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What is the Dow Jones Industrial Average (DJIA)?
The DJIA is an index of 30 substantial stocks that are traded on the New York Stock Exchange (NYSE) and the Nasdaq. It was designed to indicate the broad activity of the U.S. economy, and reflect its overall performance.
Only about 120 businesses, out of millions, have ever earned designation as Dow Jones Industrial Average stocks in the index's 123-year history. There, they've served as reflections of the nation's overall market health.
When index founder Charles Dow first calculated the Dow average in 1896, he used only 12 components, and each was an industrial stock.
But times have changed.
In 1916, 12 Dow Jones Industrial Average stocks grew to 20 – presumably reflecting the rapid growth of the U.S. economy. In 1928, 20 increased to 30, where it remains today.
The DJIA components have expanded from industrial stocks to substantial enterprises from various sectors like tech, energy, retail, healthcare, and more.
How Companies Make the Dow Jones Industrial Stocks List
The Averages Committee, which includes the managing editor of The Wall Street Journal, the head of Dow Jones Indexes research, and the head of CME Group research, determine which components become a part of the DJIA.
There are no set rules the Averages Committee must follow when selecting Dow components, only broad parameters to ensure those companies represent a large portion of the overall economic performance in the United States.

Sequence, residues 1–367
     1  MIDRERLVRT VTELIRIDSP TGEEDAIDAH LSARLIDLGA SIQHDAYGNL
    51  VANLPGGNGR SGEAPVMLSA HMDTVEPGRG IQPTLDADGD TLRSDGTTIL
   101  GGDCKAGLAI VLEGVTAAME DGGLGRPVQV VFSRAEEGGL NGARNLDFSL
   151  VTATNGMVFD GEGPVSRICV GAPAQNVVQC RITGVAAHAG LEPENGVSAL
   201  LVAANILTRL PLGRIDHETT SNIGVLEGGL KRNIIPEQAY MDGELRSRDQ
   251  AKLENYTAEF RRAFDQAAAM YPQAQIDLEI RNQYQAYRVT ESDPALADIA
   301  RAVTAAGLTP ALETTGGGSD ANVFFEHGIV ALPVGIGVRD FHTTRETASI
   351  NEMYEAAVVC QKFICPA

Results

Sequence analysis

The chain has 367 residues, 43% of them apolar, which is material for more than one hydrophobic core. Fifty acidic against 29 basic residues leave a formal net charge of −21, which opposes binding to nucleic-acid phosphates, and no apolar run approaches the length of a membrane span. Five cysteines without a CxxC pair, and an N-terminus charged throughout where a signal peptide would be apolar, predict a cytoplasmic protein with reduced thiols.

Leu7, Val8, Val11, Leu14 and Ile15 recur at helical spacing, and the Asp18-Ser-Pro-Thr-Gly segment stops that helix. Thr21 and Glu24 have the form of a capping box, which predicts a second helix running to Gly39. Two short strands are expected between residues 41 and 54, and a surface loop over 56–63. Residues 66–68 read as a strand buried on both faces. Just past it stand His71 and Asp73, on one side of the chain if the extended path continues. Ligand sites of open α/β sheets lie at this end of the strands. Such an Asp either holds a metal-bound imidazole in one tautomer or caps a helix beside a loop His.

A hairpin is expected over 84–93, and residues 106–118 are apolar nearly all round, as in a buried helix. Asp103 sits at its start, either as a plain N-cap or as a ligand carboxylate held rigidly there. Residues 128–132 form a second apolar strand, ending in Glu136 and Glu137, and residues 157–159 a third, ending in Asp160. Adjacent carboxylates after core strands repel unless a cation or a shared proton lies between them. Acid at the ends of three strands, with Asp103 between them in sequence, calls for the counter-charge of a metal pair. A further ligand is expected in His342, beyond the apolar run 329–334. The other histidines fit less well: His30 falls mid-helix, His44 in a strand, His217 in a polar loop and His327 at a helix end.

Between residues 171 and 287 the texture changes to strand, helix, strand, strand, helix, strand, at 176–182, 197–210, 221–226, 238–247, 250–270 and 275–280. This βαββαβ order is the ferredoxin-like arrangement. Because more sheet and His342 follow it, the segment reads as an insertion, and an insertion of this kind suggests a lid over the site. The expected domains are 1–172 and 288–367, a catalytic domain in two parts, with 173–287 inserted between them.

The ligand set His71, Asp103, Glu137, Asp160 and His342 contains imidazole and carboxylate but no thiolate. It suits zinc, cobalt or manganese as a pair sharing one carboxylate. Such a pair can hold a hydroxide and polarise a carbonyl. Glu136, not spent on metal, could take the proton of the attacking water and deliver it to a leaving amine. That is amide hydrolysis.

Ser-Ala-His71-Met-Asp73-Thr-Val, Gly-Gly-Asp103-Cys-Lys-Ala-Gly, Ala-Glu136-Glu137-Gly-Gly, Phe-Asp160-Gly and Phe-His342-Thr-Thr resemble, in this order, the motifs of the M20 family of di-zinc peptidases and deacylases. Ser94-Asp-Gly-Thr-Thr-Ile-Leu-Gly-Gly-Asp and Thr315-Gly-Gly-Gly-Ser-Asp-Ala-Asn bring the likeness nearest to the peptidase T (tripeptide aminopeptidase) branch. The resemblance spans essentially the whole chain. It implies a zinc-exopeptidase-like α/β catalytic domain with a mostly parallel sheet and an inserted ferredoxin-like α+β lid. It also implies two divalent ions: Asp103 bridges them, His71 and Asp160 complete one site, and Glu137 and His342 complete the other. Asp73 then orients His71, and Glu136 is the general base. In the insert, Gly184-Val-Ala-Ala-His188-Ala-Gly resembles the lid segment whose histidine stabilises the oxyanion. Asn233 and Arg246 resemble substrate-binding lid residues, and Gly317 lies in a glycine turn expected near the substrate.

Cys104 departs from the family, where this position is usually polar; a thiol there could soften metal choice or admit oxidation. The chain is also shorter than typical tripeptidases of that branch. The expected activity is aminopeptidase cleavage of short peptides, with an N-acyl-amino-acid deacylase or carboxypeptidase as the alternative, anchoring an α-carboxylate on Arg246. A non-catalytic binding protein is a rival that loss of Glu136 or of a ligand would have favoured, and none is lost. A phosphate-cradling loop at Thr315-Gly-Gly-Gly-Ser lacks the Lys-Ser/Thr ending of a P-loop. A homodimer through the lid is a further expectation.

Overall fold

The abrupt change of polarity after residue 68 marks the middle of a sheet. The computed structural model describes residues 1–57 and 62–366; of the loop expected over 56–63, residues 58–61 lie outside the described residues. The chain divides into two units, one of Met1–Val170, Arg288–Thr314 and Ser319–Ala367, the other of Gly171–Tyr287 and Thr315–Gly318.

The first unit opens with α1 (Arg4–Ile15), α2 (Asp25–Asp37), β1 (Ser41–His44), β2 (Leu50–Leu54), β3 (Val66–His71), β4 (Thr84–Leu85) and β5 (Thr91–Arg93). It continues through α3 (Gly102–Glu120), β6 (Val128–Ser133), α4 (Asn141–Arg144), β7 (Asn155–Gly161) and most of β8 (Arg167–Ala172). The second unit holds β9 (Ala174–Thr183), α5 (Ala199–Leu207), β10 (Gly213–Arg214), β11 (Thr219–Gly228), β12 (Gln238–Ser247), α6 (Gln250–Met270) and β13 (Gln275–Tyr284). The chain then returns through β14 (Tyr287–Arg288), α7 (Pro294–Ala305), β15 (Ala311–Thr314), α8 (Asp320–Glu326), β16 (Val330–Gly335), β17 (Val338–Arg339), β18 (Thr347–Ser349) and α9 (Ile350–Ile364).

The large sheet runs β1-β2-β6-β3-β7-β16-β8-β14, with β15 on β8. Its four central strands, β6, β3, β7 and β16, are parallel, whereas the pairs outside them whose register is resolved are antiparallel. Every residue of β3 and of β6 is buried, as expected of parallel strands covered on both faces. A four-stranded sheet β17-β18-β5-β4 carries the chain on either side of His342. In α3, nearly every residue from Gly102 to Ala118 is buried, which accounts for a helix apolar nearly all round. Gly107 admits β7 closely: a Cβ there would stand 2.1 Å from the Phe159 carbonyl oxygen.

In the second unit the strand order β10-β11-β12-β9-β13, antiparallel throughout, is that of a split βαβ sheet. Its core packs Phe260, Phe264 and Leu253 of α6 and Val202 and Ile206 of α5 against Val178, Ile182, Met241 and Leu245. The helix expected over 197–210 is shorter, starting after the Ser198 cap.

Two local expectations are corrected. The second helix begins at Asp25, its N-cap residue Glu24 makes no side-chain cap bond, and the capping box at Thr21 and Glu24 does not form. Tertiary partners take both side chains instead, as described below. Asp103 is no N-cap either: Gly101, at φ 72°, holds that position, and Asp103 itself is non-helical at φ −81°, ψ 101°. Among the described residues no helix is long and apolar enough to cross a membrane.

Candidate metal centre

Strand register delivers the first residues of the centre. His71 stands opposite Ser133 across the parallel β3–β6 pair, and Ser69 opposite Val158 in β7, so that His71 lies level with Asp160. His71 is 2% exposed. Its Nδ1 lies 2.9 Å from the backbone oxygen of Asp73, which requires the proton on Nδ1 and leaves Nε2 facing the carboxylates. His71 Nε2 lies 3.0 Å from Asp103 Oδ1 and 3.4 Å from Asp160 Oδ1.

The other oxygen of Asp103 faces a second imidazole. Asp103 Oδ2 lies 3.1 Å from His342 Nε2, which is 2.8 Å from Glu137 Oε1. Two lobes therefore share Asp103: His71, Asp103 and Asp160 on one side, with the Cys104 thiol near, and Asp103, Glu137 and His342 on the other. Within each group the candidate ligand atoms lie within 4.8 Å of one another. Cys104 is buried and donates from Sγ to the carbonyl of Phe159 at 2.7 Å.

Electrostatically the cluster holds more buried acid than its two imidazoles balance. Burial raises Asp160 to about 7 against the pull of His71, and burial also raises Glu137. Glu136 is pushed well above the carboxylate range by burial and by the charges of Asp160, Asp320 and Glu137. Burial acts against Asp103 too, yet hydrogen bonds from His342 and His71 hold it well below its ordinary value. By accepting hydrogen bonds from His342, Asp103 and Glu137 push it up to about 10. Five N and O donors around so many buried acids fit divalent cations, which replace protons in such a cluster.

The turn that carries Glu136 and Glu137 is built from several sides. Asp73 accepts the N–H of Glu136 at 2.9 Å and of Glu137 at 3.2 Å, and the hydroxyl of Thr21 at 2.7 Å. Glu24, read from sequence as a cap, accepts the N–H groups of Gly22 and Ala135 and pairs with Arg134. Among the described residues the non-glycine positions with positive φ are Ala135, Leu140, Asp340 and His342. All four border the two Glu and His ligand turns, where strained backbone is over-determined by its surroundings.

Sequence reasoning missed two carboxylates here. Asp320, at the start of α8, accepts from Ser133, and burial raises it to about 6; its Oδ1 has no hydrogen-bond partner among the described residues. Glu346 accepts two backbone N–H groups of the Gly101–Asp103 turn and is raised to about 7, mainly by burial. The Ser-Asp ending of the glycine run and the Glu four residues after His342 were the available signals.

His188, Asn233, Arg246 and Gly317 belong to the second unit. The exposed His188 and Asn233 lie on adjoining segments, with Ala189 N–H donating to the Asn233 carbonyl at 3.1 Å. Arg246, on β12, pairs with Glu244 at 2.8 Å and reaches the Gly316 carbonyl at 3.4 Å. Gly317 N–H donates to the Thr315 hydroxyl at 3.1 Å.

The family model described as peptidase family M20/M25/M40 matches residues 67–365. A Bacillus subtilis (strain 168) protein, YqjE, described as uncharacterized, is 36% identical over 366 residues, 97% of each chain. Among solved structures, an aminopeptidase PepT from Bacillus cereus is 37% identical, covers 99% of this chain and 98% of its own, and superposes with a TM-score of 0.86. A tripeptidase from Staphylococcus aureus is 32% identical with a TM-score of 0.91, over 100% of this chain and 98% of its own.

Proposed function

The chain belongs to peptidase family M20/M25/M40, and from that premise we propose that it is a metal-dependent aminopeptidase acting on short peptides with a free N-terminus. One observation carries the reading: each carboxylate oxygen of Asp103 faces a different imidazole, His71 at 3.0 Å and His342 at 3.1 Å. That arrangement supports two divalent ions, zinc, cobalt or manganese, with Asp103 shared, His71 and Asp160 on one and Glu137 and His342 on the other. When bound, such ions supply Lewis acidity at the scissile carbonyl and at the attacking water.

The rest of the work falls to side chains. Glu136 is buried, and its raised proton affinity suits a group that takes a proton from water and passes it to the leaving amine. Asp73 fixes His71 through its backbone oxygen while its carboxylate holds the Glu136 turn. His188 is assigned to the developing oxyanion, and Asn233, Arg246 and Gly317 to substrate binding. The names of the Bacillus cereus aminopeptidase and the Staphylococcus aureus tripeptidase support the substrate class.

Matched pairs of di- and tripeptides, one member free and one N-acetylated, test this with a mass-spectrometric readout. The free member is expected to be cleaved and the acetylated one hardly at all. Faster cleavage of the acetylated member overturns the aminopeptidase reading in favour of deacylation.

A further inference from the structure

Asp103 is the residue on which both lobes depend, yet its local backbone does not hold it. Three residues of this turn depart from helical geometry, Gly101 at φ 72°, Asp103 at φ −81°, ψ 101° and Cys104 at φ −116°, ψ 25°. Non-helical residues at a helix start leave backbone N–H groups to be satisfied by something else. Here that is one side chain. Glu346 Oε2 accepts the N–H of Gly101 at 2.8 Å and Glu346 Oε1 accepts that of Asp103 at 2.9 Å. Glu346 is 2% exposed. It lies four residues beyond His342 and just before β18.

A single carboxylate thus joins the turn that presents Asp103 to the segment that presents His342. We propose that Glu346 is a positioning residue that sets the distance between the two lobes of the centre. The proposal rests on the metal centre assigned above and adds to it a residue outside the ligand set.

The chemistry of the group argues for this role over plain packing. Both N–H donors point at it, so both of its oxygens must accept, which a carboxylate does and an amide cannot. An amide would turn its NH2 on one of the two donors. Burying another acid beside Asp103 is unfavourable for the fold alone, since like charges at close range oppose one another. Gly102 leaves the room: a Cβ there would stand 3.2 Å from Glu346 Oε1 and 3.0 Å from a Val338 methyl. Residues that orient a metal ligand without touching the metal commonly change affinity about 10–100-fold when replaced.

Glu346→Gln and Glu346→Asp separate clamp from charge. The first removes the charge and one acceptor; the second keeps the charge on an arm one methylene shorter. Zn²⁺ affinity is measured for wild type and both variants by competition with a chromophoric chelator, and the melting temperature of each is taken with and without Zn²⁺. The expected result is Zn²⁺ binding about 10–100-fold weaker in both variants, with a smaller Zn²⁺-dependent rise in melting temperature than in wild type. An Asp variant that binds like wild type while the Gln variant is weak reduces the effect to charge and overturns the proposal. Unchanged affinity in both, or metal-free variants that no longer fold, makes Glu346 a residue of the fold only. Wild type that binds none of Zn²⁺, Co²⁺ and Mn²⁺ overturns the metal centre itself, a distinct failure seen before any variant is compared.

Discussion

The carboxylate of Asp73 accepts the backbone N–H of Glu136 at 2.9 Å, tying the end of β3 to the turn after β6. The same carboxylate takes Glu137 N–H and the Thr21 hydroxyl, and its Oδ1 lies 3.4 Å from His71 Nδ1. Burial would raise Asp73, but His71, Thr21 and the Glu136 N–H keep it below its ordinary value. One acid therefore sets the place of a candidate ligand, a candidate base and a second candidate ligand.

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Each average is reviewed at least once annually, but composition changes are rare for the sake of continuity. Since its beginnings in May of 1896, the Dow Jones stocks list has only changed 54 times. As of June 2018, the last remaining company of the original 12 components of the DJIA, General Electric (GE), was replaced by Walgreens Boots Alliance.
List of the Current Dow Jones Industrial Average Stocks
Here is the current list of all 30 DJIA companies, including each company’s ticker symbol…
The 3M Company (MMM)
The American Express Company (AXP)
Apple Inc. (AAPL)
The Boeing Company (BA)
Caterpillar Inc. (CAT)
Chevron Corporation (CVX)
Cisco Systems, Inc. (CSCO)
The Coca-Cola Company (KO)
Exxon Mobil Corporation (XOM)
The Goldman Sachs Group, Inc. (GS)
The Home Depot Inc. (HD)
International Business Machines Corporation (IBM)
Intel Corporation (INTC)
Johnson & Johnson (JNJ)
JPMorgan Chase & Co. (JPM)
McDonald’s Corporation (MCD)
Merck & Company, Inc. (MRK)
Microsoft Corporation (MSFT)
Nike, Inc. (NKE)
Pfizer Inc. (PFE)
Proctor & Gamble Co. (PG)
The Travelers Companies, Inc. (TRV)
UnitedHealth Group, Inc. (UNH)
United Technologies Corporation (UTX)
Verizon Communications Inc. (VZ)
Visa Inc. (V)
Walmart Inc. (WMT)
Walgreens Boots Alliance, Inc. (WBA)
The Walt Disney Company (DIS)
Don't Overlook the DJIA Rejects: Whenever we see changes to the Dow Jones Industrial Average stocks, some investors assume the dumped companies should be avoided. But a look at the record indicates just the opposite. In fact, in the years that follow, most of the Dow rejects actually outperform the companies that replaced them. Here's why it happens – and how you can use this phenomenon to profit…
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